The Big Book of the Blue


In this age of global warming, reckless pollution, and the desperate need to conserve our beloved planet’s endangered environments, what could be a better gift for budding conservationists ages 5 to 11 than a colorful, oversized encyclopedia chock-full of wiggly creatures that live their lives under the sea? The Big Book of the Blue, the latest installment to the outstanding “Big Book of…” series by Yuval Zommek, fits this bill, and it is simply amazing.

Like Mr. Zommer’s other titles in this series (The Big Book of Beasts, The Big Book of Bugs, and The Big Book of Blooms), The Big Book of the Blue is an everything-in-one book. It’s a counting book, a memory and matching book, an attention to detail book, and an “Oh-how-we-love-sea-animals” book all rolled into one.

As usual, Zommer’s cover draws the reader in — this time to the bubbly world down under, where whales, octopuses, seahorses and spineless jelly fish float, crawl or propel themselves about their busy lives under the sea. Children and the adults who read to them learn how various sea creatures move (fins, flippers and jet propelling); why sea turtles can’t hide their heads inside their shells; and how flying fish escape from their predators.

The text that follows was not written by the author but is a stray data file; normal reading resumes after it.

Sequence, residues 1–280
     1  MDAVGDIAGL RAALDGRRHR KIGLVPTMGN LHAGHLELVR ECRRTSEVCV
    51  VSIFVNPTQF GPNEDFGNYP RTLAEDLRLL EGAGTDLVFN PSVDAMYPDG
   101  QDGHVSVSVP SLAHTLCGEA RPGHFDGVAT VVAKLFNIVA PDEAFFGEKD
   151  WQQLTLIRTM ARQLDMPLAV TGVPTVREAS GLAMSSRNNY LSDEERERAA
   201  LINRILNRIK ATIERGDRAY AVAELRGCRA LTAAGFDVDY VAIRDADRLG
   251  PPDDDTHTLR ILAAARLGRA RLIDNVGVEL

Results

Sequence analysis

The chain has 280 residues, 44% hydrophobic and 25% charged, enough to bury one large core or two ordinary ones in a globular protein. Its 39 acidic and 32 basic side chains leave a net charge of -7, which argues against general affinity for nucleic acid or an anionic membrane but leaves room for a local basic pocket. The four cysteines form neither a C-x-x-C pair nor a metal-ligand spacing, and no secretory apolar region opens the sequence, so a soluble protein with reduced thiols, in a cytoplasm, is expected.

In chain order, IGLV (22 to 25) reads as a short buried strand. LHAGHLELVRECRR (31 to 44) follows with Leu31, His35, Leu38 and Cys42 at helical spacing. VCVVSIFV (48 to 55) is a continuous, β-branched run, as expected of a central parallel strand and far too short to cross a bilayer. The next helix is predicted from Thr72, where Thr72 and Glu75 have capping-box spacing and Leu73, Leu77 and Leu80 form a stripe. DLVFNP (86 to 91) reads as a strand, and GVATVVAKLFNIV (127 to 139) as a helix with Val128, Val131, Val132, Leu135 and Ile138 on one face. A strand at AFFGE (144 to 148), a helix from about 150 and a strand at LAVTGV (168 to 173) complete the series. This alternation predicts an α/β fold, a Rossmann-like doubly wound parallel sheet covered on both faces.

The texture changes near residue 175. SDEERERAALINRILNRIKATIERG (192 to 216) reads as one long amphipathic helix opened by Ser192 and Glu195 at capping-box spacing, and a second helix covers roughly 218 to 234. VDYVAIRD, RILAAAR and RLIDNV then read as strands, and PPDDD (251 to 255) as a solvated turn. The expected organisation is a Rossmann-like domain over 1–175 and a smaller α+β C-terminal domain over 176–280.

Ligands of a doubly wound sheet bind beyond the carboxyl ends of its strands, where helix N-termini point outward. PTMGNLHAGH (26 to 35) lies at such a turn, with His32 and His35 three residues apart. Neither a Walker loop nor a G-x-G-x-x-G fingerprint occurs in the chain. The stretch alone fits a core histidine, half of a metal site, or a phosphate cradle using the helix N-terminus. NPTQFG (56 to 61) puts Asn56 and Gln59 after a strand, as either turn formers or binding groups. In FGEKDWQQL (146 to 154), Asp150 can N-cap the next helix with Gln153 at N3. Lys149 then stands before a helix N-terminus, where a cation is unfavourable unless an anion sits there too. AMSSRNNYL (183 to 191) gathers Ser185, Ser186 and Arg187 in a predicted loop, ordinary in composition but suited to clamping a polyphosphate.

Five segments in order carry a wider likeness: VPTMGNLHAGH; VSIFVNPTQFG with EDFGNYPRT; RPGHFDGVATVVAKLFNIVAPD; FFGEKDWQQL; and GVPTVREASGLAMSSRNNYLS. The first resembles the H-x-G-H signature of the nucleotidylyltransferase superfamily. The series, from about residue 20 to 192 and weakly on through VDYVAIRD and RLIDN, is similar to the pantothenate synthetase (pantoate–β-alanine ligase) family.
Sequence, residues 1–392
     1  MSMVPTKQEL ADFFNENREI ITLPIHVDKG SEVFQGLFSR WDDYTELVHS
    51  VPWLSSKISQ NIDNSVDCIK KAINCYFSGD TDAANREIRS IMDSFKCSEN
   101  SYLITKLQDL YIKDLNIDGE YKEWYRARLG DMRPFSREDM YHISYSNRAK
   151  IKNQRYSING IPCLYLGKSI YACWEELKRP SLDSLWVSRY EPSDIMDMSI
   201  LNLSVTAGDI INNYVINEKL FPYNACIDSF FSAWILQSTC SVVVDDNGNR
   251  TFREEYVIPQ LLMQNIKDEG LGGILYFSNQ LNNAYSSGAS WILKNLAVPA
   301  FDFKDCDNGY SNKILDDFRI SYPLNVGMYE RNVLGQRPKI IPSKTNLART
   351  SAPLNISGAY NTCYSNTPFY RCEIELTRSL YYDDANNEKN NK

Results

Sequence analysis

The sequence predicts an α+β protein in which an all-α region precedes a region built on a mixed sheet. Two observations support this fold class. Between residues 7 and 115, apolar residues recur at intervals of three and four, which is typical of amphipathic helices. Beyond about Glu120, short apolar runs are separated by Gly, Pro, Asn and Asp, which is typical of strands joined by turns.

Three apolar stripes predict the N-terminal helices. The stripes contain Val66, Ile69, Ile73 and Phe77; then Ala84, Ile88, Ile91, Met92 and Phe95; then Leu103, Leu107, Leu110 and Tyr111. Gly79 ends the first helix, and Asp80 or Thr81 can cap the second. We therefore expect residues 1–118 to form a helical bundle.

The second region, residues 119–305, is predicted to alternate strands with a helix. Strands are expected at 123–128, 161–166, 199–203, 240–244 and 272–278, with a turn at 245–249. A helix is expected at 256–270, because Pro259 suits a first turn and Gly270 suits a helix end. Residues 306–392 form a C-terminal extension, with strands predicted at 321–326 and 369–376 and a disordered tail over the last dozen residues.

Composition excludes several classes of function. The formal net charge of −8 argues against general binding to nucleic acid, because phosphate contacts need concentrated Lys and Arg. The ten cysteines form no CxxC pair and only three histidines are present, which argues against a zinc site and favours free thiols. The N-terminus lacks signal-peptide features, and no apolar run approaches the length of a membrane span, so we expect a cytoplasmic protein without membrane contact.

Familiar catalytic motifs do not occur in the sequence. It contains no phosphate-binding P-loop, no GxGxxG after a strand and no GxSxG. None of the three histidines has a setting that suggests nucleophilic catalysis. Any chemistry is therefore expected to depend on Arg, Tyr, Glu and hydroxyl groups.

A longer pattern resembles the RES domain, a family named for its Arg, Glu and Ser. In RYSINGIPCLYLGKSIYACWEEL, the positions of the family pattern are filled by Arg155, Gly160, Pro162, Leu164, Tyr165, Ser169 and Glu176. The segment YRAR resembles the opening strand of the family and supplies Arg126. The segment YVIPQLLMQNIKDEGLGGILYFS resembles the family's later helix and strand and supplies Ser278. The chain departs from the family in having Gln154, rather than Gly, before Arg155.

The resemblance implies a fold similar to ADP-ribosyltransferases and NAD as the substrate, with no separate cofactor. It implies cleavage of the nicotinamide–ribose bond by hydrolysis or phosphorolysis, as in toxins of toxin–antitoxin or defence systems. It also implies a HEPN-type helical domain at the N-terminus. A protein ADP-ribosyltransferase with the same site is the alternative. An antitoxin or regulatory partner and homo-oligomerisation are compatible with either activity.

Readers learn that no two sea horses’ crowns (coronet) are alike; that if a jellyfish is cut in half, it simply becomes two jellyfish; how crabs have eyes on stalks, and why they walk sideways; and that an octopus’ arms has brain cells and taste buds all rolled into one!

This is a vibrant, never-a-dull-moment marine life picture book with prose that is fun and informative, and just brief enough not to overwhelm young reader. The stunning illustrations are sure to keep readers turning the pages: There are smiling whales, frolicking seals, inky octopi, and wriggly eels galore. There are ample opportunities to exercise memory and attention to detail, and there are fun facts, like how many tins one tuna can fill, why penguins don’t freeze, and why dolphins don’t have a sense of smell.

Use this book as supplemental reading for science class, or to whet your students’ appetites before a trip to the nearest aquarium.


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